Blog 5: The “real” issues

After reading the Occupy Wall street: what is to be done next?, I wasn’t surprised at what I was reading. Zizek makes very good arguments against the governments across the world. The main concern is the crisis down in Wall street that looks like a never ending battle. I must admit that Zizek states the obvious on some issues in our particular country. Corruption and financial capilatilism are the two main problems people must understand. Zizek states that the “problem is not corruption and greed it is the system that pushes you to be corrupt”. I support this statement 100% because believe it or not the United States along with other countries are Corrupt. Our government is to blame for the issues that led us to be in one of the longest wars we have ever been in. It is the system that is to blame and it needs to change so that main street cannot function without wall street. 

Another point that caught my attention was when Zizek mentions that large economic processes cannot be controlled by democratic mechanisms. As unfortunate as this sounds, it is absolutely true and there is nothing anyone can do about it. The protestors are no match to the power that the politicians and the people on “top” have on this country. Our government has been in a mess since way back to our founding fathers and it is today that people are becoming more and more educated and aware of the “real” issues going on. Our government is being exposed but there is no action being taken because there is no one with real power who can change anything. 


2 responses to “Blog 5: The “real” issues

  1. Yes, the government is corrupt but capitalism is a system that lends itself to corruption. It is all about making money, saving yourself and your family, and doing what you have to. The government is merely a function of the economic system we employ. If we tried to change capitalism we’d be completely changing our government. Democracy goes hand in hand with capitalism and there would be yet another uproar if our rights were stripped away from us.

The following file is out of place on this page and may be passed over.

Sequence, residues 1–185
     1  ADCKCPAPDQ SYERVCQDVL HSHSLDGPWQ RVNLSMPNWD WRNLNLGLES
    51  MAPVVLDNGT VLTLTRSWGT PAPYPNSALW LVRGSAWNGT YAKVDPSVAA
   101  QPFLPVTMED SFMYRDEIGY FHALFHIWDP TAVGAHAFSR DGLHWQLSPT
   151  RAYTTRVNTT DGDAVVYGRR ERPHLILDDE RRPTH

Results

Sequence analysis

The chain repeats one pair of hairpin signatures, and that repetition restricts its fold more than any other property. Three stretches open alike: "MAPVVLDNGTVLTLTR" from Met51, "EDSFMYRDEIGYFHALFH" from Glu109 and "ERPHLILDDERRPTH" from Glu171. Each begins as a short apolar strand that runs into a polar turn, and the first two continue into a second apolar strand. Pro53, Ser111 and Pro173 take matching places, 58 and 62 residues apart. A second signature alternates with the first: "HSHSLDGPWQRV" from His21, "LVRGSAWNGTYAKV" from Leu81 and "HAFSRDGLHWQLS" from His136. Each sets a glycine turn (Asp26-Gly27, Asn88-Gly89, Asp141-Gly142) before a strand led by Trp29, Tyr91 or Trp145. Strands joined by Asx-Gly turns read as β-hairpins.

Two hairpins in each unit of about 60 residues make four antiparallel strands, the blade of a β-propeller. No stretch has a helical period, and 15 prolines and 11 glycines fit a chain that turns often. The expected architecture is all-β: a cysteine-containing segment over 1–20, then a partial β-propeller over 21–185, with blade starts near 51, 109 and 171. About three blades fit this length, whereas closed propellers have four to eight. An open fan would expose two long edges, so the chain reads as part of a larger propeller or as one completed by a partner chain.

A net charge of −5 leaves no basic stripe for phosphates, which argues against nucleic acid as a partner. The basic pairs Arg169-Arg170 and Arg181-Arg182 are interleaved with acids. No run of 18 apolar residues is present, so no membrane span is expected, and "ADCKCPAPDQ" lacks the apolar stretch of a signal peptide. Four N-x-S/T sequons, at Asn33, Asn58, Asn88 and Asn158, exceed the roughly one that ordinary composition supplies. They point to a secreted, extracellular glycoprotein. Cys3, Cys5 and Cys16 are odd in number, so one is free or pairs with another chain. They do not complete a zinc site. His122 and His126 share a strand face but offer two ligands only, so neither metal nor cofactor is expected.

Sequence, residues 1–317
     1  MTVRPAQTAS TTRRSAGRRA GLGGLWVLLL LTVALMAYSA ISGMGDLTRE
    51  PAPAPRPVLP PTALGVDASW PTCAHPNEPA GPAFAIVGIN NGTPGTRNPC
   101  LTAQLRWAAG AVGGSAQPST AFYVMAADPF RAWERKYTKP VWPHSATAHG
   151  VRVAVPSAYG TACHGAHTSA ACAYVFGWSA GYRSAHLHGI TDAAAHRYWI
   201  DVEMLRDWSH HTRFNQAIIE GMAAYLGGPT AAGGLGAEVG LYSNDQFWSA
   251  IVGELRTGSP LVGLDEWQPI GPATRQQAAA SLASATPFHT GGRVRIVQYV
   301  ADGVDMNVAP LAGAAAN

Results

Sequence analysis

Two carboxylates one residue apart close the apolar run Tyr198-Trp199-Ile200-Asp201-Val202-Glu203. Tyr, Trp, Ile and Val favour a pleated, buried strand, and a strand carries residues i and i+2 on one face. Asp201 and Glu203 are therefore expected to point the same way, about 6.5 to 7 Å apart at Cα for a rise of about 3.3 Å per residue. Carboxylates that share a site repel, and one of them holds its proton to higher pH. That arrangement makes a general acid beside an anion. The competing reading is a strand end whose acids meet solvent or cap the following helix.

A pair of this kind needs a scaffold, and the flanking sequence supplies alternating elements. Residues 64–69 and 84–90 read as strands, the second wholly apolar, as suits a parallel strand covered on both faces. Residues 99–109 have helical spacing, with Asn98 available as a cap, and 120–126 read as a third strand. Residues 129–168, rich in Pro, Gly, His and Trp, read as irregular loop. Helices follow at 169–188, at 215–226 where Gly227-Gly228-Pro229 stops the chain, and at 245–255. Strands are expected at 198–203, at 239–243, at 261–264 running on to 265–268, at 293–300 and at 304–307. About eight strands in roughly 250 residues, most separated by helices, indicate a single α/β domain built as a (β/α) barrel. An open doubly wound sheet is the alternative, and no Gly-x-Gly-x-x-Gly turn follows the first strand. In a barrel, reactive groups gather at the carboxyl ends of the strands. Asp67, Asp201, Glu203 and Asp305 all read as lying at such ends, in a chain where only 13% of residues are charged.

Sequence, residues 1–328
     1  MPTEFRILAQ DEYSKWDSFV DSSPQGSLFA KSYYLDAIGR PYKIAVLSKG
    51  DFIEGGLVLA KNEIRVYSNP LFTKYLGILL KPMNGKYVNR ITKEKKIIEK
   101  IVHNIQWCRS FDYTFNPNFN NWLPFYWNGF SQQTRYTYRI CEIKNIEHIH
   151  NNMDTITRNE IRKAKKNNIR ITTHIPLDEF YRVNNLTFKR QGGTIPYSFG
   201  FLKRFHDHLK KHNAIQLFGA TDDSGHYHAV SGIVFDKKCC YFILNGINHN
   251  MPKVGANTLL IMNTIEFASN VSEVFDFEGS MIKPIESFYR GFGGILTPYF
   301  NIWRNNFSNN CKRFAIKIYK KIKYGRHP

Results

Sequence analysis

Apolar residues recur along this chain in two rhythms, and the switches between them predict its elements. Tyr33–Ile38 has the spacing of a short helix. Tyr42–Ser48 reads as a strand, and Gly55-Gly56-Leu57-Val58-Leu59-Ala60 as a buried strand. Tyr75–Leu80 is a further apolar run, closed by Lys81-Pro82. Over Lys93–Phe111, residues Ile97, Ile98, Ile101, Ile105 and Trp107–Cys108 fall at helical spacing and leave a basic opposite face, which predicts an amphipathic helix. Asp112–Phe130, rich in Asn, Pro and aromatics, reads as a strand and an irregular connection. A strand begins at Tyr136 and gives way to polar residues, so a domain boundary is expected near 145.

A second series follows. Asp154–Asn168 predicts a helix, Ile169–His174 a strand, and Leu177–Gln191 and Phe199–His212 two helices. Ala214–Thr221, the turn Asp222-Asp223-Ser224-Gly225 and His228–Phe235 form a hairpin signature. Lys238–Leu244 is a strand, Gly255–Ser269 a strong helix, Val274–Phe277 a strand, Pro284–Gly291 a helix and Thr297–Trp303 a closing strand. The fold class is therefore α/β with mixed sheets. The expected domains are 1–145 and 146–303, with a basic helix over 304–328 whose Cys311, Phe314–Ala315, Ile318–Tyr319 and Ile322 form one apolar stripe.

2. Exactly, that’s the money quote – “the problem is not corruption and greed it is the system that pushes you to be corrupt.” That’s where you see the influence of Marx on Zizek’s thinking (broadly speaking he’s a neo-Marxist, more specifically, a Lacanian Marxist). To the degree that Occupy focuses on “corporate greed” or makes everything into a moral issue, it departs from the kind of class struggle Marx had envisioned.

    Your point about how it’s not only “other” countries that have corrupt governments, that the US has its own issues, is well taken. And it gets at the issue of “culturalization.” For a long time, the dominant frameworks in US social science tended to assume that “corruption” and “crony capitalism” only occurred in non-Western countries. Western states, especially the world’s “model democracy,” the US, were assumed to conform to Weber’s rational-legal ideal. Such “orientalist” assumptions were built into the analytic models.

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